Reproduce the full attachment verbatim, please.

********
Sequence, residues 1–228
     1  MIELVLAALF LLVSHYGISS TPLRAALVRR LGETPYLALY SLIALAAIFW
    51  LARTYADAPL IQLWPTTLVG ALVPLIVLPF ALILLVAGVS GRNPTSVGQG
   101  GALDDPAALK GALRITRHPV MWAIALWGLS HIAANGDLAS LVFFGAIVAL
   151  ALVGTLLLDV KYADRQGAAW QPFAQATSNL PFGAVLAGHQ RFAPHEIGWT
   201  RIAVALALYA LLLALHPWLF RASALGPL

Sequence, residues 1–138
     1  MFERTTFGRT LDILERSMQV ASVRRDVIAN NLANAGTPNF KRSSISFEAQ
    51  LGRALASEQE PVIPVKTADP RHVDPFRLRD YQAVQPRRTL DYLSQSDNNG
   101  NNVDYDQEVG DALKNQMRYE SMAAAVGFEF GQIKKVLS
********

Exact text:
Sequence, residues 1–228
     1  MIELVLAALF LLVSHYGISS TPLRAALVRR LGETPYLALY SLIALAAIFW
    51  LARTYADAPL IQLWPTTLVG ALVPLIVLPF ALILLVAGVS GRNPTSVGQG
   101  GALDDPAALK GALRITRHPV MWAIALWGLS HIAANGDLAS LVFFGAIVAL
   151  ALVGTLLLDV KYADRQGAAW QPFAQATSNL PFGAVLAGHQ RFAPHEIGWT
   201  RIAVALALYA LLLALHPWLF RASALGPL

Sequence, residues 1–138
     1  MFERTTFGRT LDILERSMQV ASVRRDVIAN NLANAGTPNF KRSSISFEAQ
    51  LGRALASEQE PVIPVKTADP RHVDPFRLRD YQAVQPRRTL DYLSQSDNNG
   101  NNVDYDQEVG DALKNQMRYE SMAAAVGFEF GQIKKVLS